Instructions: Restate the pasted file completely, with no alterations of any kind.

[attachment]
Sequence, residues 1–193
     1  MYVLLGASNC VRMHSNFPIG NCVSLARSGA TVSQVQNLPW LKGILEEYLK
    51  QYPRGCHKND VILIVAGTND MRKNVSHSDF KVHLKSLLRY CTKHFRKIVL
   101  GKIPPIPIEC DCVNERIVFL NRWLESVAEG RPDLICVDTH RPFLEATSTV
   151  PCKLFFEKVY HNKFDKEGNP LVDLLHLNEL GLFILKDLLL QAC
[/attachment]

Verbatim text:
Sequence, residues 1–193
     1  MYVLLGASNC VRMHSNFPIG NCVSLARSGA TVSQVQNLPW LKGILEEYLK
    51  QYPRGCHKND VILIVAGTND MRKNVSHSDF KVHLKSLLRY CTKHFRKIVL
   101  GKIPPIPIEC DCVNERIVFL NRWLESVAEG RPDLICVDTH RPFLEATSTV
   151  PCKLFFEKVY HNKFDKEGNP LVDLLHLNEL GLFILKDLLL QAC